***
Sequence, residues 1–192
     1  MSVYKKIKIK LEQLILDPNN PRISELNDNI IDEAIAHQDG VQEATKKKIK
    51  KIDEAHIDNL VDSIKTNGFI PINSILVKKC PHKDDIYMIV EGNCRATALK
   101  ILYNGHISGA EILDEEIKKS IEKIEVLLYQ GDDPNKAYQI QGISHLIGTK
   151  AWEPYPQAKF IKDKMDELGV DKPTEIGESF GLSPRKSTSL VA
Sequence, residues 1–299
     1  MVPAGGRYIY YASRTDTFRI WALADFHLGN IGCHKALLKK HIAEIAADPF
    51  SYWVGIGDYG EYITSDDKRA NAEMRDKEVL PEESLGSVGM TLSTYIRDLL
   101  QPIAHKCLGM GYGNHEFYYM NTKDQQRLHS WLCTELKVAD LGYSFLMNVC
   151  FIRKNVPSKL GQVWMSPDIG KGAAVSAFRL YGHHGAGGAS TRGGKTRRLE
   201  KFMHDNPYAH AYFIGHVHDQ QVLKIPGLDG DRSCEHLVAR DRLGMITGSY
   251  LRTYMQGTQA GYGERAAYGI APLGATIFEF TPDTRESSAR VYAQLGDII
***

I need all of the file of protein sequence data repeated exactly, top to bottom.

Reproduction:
Sequence, residues 1–192
     1  MSVYKKIKIK LEQLILDPNN PRISELNDNI IDEAIAHQDG VQEATKKKIK
    51  KIDEAHIDNL VDSIKTNGFI PINSILVKKC PHKDDIYMIV EGNCRATALK
   101  ILYNGHISGA EILDEEIKKS IEKIEVLLYQ GDDPNKAYQI QGISHLIGTK
   151  AWEPYPQAKF IKDKMDELGV DKPTEIGESF GLSPRKSTSL VA
Sequence, residues 1–299
     1  MVPAGGRYIY YASRTDTFRI WALADFHLGN IGCHKALLKK HIAEIAADPF
    51  SYWVGIGDYG EYITSDDKRA NAEMRDKEVL PEESLGSVGM TLSTYIRDLL
   101  QPIAHKCLGM GYGNHEFYYM NTKDQQRLHS WLCTELKVAD LGYSFLMNVC
   151  FIRKNVPSKL GQVWMSPDIG KGAAVSAFRL YGHHGAGGAS TRGGKTRRLE
   201  KFMHDNPYAH AYFIGHVHDQ QVLKIPGLDG DRSCEHLVAR DRLGMITGSY
   251  LRTYMQGTQA GYGERAAYGI APLGATIFEF TPDTRESSAR VYAQLGDII